Respect for Differences Teacher Resources
Find Respect for Differences educational ideas and activities
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Respecting Nonreligious People
Help students understand what an atheist is and why it is important or respect their beliefs. Using this non believers lesson, students will learn about people who hold different beliefs are discriminated against by others. They will participate in grade appropriate projects to build respect for individual opinions about religion and non- believers.
Diversity in a Classroom
Students interview fellow classmates and create a bar-graph illustrating the unique diversity within a classroom. In this diversity lesson, students will explore unique differences and how they make the world a more interesting place to live in. Each student will eventually pick one characteristic trait and present a bar graph on his/her findings.
Fifth graders brainstorm what a relationship looks like in which both people respect each other. After completing a worksheet, they discuss the importance of respecting other beliefs. To end the lesson, they identify things they can do to respect others.
Is There a Stone in My Soup?
Students understand that people treat people differently sometimes because they are different.In this mutual respect and instructional activity, students discuss the need for positive change and how they can be a part of that. Students survey others, find rules applying to the behaviors in question and plan an event to improve relationships.
Students create and perform everyday scenes which portray peer rejection. They determine alternative positive outcomes based on respect, tolerance, and kindness.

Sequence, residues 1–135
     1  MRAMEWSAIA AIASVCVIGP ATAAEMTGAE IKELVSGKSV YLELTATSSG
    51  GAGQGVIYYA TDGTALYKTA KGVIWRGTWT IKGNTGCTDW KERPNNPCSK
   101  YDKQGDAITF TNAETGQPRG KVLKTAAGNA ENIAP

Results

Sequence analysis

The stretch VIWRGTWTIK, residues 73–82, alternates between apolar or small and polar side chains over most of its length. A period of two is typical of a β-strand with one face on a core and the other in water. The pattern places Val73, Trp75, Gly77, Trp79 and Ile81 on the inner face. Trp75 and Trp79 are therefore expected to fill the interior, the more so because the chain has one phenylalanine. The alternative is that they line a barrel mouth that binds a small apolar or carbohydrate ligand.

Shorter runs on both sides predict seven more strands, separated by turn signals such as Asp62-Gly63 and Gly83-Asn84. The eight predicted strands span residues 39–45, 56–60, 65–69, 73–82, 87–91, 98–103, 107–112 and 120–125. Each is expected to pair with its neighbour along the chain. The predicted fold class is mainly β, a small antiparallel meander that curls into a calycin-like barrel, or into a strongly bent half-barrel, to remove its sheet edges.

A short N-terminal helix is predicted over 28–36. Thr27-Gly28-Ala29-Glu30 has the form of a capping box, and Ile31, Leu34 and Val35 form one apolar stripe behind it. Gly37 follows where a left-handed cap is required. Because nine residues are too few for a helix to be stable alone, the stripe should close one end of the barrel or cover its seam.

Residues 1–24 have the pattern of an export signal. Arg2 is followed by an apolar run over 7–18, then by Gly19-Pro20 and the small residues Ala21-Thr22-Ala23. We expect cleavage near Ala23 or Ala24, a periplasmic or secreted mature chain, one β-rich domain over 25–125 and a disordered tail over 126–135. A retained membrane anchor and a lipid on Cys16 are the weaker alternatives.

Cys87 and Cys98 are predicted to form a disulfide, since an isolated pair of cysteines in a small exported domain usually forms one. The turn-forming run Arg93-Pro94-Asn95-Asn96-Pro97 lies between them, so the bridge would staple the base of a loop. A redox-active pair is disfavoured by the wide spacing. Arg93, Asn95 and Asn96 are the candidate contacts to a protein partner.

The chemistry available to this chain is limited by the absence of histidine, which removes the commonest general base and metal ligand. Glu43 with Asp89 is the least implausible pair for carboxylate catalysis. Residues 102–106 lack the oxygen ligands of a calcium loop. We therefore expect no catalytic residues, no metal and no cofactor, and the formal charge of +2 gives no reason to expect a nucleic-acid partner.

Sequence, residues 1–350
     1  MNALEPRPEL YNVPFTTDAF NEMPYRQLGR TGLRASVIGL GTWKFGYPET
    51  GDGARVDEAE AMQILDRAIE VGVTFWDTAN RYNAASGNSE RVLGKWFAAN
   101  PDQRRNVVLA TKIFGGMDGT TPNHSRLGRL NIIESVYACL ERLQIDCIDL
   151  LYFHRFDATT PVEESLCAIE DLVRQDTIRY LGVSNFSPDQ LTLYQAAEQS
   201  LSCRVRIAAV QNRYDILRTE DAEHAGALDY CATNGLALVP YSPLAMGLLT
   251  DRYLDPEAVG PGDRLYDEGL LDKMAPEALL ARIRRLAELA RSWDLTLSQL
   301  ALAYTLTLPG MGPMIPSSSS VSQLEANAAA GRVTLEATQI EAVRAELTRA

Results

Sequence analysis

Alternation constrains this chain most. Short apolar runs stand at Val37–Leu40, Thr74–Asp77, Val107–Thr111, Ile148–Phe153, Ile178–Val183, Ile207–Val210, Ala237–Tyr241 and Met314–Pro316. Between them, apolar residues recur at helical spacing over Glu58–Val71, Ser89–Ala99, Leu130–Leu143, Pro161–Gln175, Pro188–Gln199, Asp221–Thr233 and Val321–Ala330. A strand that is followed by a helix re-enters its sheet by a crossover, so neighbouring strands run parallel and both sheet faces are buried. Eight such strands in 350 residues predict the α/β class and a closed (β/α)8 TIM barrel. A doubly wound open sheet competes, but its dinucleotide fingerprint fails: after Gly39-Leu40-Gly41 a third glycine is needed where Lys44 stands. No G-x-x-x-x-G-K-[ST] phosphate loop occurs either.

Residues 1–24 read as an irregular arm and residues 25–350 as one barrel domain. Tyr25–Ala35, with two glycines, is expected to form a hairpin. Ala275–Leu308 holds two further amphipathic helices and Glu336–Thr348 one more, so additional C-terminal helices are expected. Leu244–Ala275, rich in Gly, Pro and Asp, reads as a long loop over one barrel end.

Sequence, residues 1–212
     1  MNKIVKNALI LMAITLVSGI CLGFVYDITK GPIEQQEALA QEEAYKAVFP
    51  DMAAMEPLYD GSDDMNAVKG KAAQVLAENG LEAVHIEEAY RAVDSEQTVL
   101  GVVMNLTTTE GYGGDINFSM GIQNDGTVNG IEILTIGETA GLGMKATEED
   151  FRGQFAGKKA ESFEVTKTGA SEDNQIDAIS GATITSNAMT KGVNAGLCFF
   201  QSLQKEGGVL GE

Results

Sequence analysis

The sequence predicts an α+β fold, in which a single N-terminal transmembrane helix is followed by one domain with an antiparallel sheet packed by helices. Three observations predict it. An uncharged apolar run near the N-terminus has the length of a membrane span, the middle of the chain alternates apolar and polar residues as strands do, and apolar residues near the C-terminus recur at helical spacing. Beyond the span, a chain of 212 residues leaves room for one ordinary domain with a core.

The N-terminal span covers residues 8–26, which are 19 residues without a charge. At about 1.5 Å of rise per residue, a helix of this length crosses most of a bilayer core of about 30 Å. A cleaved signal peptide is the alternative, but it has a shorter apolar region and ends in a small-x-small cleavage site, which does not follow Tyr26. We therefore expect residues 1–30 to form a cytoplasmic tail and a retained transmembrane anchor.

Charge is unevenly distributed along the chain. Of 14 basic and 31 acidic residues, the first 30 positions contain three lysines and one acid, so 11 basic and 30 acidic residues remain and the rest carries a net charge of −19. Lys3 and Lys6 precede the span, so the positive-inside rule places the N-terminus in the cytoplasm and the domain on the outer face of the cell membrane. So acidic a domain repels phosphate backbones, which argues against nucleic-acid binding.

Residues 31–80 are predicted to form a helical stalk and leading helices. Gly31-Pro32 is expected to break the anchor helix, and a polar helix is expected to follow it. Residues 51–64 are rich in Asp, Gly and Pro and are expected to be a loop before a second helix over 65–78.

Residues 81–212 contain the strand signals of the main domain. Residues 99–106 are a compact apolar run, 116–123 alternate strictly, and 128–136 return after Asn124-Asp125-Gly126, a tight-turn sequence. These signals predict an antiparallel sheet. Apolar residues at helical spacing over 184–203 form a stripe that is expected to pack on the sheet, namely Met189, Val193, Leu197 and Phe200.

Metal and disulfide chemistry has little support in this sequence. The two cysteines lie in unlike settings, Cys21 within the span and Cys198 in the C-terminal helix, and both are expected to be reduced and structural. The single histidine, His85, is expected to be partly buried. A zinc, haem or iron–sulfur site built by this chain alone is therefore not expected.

Students move around the room to express opinions on specific questions. For this opinions lesson, students explore their feelings about the opinions they express.
The Quebec Act: Diverse Points of View
Eighth graders study the enactment of the Quebec Act of 1774. They review the events that occurred prior to the Quebec Act between the French, British and native relations. They create a chart to identify the conditions of the Proclamation Act, suggest alternative actions and speculate on the consequences of the Act.
Differences Make Us Special
Learners explore the similarities and differences among their classmates. They are introduced to the Civil Rights Movement-that all people be treated equally and fairly. Students discuss the importance of appreciating individual differences.
Celebrating Our Nation's Diversity
Second graders conduct a class census to measure diversity.
Differences Make Us Special
Students observe the similarities and differences that exist among their classmates as a preparation for the introduction to the Civil Rights Movement and the necessity of the equal treatment of all people.
Differences Make Us Special
Students investigate diversity among their classmates by exploring the Civil Rights Movement. In this equality lesson, students create a T Chart listing similarities and differences in their classmates. Students read a book about the great Rosa Parks and celebrate the unique attributes in everyone.
Looking at Prejudice from Differing Viewpoints